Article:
There are a lot of reasons to curate content. You might want to create a resource for other people. You might be gathering information for a presentation or project. You might just have an interest in a topic and enjoy pulling together the most interesting stuff you can find.

So what exactly does it mean to curate? You can go by the Dictionary (dot-com) definition, of course:

to pull together, sift through, and select for presentation, as music or website content

That second part--"select for presentation"--is what makes it curation rather than aggregation. There are a lot of tools that aggregate information, but with any automated system, there's going to be a lot of noise in there and a lot of items that don't really fit the category.

Some of the tools I mention below will automate that part for you. But in the end, the important part is the human touch.

These are the platforms that do the best job in helping you curate content on any subject.

Flipboard

Flipboard's interface is beautiful, making the most of high-resolution images and articles with an attractive design. Users (and publishers) curate magazines on newsworthy events, on passion projects, on just about any topic you might imagine.

An unofficial user community created by Flipboard Club (disclosure: I am a member of the community and have occasionally been an admin of its Facebook group) shares advice and tips with newcomers. The recent introduction of Flipboard's web platform means it's easy to create and curate magazines anywhere. The platform also allows for group curation and private magazines. Also new: You can embed magazines on your site.

Best for: Visual content, articles with high-resolution imagery.

Trove

Two things won me over to Trove quickly: First, not every article I collect has a wonderful image to go with it, and don't look as great on Flipboard. While Trove itself is attractively designed, the look of the curated content doesn't affect it much.

Second, you can set up a search for a keyword or phrase and Trove will automatically gather content for you--adding it to your trove takes just a click or two, and you can quickly review the content it's gathered. (Disclosure: After I became a hardcore user, the company asked me to be a member of its "advisory board," which means I have a T-shirt, occasionally answer surveys, and get to see new features before the general user base.)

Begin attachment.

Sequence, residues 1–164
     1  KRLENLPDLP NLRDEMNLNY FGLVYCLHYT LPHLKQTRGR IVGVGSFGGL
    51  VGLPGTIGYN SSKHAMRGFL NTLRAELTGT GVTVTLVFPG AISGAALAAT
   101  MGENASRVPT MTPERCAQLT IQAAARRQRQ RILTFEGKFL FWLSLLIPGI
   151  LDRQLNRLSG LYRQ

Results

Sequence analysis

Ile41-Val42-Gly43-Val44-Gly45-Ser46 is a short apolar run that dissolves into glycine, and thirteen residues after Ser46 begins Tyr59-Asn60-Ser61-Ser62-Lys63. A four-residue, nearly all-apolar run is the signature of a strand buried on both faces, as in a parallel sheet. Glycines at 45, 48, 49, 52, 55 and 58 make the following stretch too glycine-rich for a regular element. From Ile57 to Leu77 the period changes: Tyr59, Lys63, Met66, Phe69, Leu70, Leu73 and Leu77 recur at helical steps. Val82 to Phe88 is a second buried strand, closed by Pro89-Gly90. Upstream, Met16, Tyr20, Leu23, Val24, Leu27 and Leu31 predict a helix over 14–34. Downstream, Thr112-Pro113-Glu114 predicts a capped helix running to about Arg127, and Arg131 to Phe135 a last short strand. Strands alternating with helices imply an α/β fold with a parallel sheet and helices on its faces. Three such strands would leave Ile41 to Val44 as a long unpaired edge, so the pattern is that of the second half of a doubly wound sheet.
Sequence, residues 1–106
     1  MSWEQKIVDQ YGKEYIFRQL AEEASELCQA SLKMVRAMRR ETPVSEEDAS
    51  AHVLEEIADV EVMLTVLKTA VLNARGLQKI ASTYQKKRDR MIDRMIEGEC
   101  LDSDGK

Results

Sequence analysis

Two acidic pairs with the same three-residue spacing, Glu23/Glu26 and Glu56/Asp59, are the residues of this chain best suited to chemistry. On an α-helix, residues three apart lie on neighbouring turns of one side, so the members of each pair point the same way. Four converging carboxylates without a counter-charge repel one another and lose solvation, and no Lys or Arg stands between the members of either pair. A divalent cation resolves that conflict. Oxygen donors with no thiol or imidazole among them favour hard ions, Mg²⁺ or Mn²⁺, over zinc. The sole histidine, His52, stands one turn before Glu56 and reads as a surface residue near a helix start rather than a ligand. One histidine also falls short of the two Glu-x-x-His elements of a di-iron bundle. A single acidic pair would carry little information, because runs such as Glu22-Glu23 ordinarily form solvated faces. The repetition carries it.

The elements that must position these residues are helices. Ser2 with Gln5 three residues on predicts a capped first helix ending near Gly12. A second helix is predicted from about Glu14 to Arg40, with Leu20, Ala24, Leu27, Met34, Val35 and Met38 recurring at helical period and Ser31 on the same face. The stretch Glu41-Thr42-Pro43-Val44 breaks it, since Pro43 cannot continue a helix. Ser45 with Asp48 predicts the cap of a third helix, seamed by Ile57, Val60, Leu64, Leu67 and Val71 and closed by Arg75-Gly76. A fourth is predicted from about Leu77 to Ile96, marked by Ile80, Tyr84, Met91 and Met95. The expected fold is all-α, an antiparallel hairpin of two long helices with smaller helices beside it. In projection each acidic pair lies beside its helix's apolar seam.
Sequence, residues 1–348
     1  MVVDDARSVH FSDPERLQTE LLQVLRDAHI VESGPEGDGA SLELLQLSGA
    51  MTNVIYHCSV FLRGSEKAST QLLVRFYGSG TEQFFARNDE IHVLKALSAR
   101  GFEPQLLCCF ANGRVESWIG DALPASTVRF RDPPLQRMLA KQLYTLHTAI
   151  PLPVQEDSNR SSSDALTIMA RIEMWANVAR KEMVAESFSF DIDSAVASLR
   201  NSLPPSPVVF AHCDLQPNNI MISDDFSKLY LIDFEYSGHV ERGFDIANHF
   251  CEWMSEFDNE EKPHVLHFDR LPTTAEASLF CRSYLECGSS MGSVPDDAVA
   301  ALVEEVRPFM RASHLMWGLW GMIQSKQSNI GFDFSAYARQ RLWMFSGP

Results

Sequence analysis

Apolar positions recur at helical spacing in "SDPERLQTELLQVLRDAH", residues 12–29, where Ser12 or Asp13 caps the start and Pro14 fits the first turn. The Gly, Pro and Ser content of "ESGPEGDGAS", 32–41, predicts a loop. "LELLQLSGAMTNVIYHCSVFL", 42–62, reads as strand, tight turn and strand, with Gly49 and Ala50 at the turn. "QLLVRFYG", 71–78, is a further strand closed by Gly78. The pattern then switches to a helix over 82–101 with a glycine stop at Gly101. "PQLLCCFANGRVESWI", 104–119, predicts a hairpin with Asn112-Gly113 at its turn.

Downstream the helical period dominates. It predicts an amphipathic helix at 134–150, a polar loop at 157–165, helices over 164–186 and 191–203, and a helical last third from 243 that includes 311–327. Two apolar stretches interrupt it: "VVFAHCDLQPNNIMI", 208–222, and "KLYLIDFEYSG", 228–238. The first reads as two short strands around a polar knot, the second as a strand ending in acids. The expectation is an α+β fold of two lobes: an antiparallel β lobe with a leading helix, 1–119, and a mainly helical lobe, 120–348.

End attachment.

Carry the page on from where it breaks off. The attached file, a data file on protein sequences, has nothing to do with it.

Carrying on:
Best for: News articles and keyword-friendly content.

List.ly

People can submit items to add to your lists, and you can allow people to vote on entries on your lists. This enables you to crowdsource information without having to worry that you'll end up with a bunch of worthless spam under your name.

A Twitter integration allows you to curate Twitter lists through the platform as well. This is highly useful if you're looking to find people to add to a list. Ordinarily, you'd have to click through to every profile and take two or three actions to add each appropriate person to the list. The List.ly integration allows you to view a bio on the platform and add it with one click. Then the list syncs with Twitter.

Best for: Custom, crowdsourced lists, including those synced to Twitter.

Storify

If you want to pull together content from a variety of platforms and annotate it in one nice package, this is the platform you're looking for. It's almost de rigueur for Twitter chat hosts to use it to summarize their chats. The stories are embeddable and use drag-and-drop editing so you can quickly change the order of posts inside it.

It's not the best-looking option, but it's quick and simple. I've often used Storify to recap conferences or other live events I've participated in, having a finished product within 15-20 minutes of the event's end.

Best for: Recapping events with a lot of social media interaction.

There are many other excellent curation platforms, of course. What are your favorites?